10 Things You May Not Know Happened In The 1970s
If you lived through the 1970s or cracked open a history book since then, you know all about Watergate, the oil embargo, and groovy disco balls.
Who could forget bellbottoms, especially since they came back and went out of fashion again? (Can they stay out now?)
Before the decade associated with selfishness and Ronald Reagan hit, the ’70s introduced many aspects of modern life you may not know about. These are all the hits.
Beatles Last LP
The band who defined the 60s, and for some defined rock and roll, released their last album together in the 70s. They released Let It Be, recorded before Abbey Road, in May of 1970.
That was a month after the band split up. Some fans assert that Abbey Road was their last album, because they recorded it last, but does it really matter? It was the end of an era.
Four New Styles Of Music
If you were to ask most folks, they’d tell you the ’80s gave us hip hop and metal music, even commercial pop. All three came to us via the previous decade.
The 1970s saw a shift in fashion when Mod transitioned in punk fashion. In black communities, the battle between funk and hip-hop raged. Elements of funk made their way into mainstream music, while hip hop stayed fringe until the ’80s.
Even metal made its debut via new bands and ’60s bands looking for a new sound.
Led Zeppelin found a metal sound, Judas Priest rattled rock fans, and Van Halen started to wail.
In 1975 the first Betamax players hit the shelves. Two years later, VHS hit. Fighting over which was superior immediately ensued.
Kidding, but for the first time ever, folks could watch movies from the comfort of their Davenport.
Most homes wouldn’t take to the nascent technology until the 80s.
The first at-home video game was Pong. There were electronic games before that, but it wasn’t until 1972 that Atari released their Pong console.
A year earlier, the Computer Space arcade game nudged in between pinball machines. It was coin operated, just like the pinball games.
No, the personal computer did not hit shelves in the ‘80s. In fact, most homes didn’t catch up to personal computing for two decades. The ’90s s would witness sweeping overhauls in computing, including the first pocket cell phones.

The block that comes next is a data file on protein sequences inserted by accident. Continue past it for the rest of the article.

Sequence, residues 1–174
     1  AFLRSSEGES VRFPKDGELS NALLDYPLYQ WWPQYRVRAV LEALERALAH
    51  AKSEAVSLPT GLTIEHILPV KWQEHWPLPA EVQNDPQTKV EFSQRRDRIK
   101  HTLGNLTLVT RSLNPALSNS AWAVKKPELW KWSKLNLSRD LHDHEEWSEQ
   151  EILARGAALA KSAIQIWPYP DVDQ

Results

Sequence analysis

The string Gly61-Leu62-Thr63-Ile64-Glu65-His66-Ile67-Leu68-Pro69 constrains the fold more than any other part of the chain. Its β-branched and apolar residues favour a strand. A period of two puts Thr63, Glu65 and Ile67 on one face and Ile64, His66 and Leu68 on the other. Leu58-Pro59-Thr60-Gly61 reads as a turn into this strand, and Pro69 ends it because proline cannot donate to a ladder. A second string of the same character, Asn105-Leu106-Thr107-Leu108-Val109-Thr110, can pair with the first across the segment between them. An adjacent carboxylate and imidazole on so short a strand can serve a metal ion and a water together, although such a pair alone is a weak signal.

It was 1973 when we could buy the first commercially available personal computer, the IBM SCAMP. Some would argue the Altair 8800 was the first, released in 1974.
Either way, the prize goes to the ‘70s, not the ‘80s.
The first lighters used gunpowder and flintlock, not much different than what powered bullets to fly through the air. They were cumbersome, though.
Zippo lighters, found in 1932, introduced pocket-sized lighters to the world, but they were expensive to lose.
In 1973, the pen company known as Bic introduced a lighter you could lose and not freak out. They encouraged you to “flick your Bic.”
Environmentalists immediately lost their minds.
The 20th century took plastic surgery from the fringe to the mainstream, but it was the 1970s where we learned we could suck the fat right off.
Surgeons in Europe had been playing with curettage techniques for removing fat, which was disastrous in some cases.
Two Italian gynecologists in 1974 first invented liposuction, but the liposuction trend wouldn’t hit until the ‘80s.
In September 1971, Paul C. Lauterbur published his theory on Magnetic Resonance Imaging (MRI).
Prior to that, March the same year, a paper on Nuclear Magnetic Resonance (NMR), featured in the journal Science by Raymond Damadian revealed evidence that Damadian could distinguish cancerous tissue from normal.
Damadian insists that it was his research that led to the invention of MRI.
Lauterbur generated the first 2D and 3D MRI images, which he published in 1973. Another group, led by John Mallard at the University of Aberdeen, built the first full body MRI scanner.
In August of 1980, they made the first useful full body scan. History records Lauterbur as the champion of MRI research, awarding him the Nobel Prize in 2003.
We already had played with artificial heart pumping systems for use during surgery as early as 1954, but it wasn’t until the 1970s that our first artificial hearts hit the scene.
The first versions were not perfect. In 1973, a calf survived for 30 days on an artificial heart. Two years later a bull lived 90 days. By ’76 we kept a calf alive for 184 days.
It wasn’t until 1982 that we would connect the first artificial heart to a human. That man lived 112 days, but it wasn’t pretty.
For all that pain and suffering (and eventual survival by future humans) we can thank the best decade of the century, the ‘70s.
Although the first patent for inline skates predates the ’70, the first marketing for inline skates hit the Canadian airways in 1972.
Mountain Dew attempted to sell something called the Skeeler, an inlines skate developed for Russian hockey players.
They failed, but it was enough to build interest for another company called Rollerblade. The first commercially available Rollerblades sold in 1987.
What a list of awesome, important gifts to the world, huh? Thank you ‘70s for all that you gave us. We’re forever in your debt. There was one thing the ’70s gave us which didn’t make the list… this writer.